Al-Qa'ida in the Islamic Maghreb (AQIM) has taken a number of Westerners hostage in the past decade. Seven people are still detained in the Sahel region, including a South African tourist, a Columbian nun, a French humanitarian worker and a Swiss missionary, who were abducted in Mali. A Romanian mining worker and an Australian doctor were abducted in Burkina Faso along with an American humanitarian worker. It is unclear if AQIM is behind all these abductions.
A Swedish national, held hostage by AQIM in Mali since 2011, was released on June 26. His release raises the hope that other foreigners will be set free, including a South African national who was detained with the Swedish hostage.
Foreign nationals face a particularly high risk of kidnapping, especially from jihadist groups, throughout the region, although kidnappings have decreased since the French military deployed troops to the region in 2014 (Barkhane Forces). Though the risk of kidnapping is significantly higher on the bordering regions with Mali, Niger, and Burkina Faso, the threat still exists in the capital cities as well (Niamey, Ouagadougou, Bamako).
Numerous armed groups are present throughout the region, including AQIM, Ansar Dine, and Al-Mourabitoun. Since March 2017, various attacks have been claimed in Mali by militants from the Group for the Support of Islam and Muslims (JNIM), a recently formed Al-Qa'ida ally, that formed out of a merger between Ansar Dine, Al-Mourabitoun, and the Macina Liberation Front. The group is led by Iyad Ag Ghali, the veteran leader of Ansar Dine.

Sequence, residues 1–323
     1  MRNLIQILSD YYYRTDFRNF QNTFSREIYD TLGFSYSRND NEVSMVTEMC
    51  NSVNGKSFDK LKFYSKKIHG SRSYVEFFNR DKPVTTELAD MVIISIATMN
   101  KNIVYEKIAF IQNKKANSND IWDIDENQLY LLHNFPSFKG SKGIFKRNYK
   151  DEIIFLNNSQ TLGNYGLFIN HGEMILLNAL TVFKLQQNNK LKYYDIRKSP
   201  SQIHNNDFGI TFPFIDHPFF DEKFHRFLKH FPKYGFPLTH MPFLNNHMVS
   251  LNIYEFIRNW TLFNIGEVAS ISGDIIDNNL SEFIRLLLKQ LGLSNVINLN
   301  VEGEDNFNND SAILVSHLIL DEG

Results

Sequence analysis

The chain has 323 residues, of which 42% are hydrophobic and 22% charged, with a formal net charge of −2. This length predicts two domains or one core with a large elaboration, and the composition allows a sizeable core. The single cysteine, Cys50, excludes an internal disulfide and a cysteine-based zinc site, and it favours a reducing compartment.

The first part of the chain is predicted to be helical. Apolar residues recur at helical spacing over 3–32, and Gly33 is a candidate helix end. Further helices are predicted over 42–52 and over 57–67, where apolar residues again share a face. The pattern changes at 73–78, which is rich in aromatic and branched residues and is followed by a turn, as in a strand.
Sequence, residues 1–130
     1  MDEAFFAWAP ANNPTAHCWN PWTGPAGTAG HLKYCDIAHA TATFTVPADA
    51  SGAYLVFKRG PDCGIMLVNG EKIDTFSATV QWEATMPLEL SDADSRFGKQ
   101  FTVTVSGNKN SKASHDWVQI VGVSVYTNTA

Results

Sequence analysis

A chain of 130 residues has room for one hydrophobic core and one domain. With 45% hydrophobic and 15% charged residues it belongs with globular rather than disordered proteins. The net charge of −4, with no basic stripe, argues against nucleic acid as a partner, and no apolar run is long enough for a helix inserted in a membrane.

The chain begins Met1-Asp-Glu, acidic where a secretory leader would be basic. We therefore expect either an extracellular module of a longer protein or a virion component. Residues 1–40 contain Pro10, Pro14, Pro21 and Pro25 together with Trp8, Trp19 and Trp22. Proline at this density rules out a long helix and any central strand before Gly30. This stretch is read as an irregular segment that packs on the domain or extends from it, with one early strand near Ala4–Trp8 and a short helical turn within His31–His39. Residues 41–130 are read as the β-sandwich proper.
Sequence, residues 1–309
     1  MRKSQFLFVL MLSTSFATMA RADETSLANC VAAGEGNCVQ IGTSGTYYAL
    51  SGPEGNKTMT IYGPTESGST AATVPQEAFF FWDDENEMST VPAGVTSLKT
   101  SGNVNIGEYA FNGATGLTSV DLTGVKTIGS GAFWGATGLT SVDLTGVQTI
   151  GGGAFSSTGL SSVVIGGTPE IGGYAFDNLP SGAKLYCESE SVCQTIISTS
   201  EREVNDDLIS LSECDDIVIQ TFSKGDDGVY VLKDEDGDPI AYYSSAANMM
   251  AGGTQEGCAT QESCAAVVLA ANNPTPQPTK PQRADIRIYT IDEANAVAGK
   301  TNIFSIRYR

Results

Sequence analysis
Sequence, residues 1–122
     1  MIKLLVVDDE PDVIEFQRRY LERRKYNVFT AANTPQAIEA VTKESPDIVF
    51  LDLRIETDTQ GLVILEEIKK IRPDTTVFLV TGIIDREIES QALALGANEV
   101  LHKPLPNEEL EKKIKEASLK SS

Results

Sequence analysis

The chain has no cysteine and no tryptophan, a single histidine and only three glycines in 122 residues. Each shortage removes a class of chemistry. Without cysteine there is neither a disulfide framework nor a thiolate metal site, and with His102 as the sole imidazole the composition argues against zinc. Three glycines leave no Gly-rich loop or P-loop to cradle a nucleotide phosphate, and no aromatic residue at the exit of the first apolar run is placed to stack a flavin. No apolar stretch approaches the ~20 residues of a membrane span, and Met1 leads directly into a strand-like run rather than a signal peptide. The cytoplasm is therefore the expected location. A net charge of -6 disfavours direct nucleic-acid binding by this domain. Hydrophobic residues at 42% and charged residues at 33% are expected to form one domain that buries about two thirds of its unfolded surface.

The security environment in the Sahel region remains complex.
Due to the underlying terrorist and kidnapping threats prevalent in the region, all those present in the region are advised to remain discreet regarding personal details, particularly information concerning nationality, employment, family, etc. Individuals are also advised to avoid public events and places frequented by Westerners, to remain vigilant at all times (especially in local markets, now used by terrorists as recruitment grounds), and to report any suspicious objects or behavior to the authorities. Professional security advice and support should be sought prior to travel.
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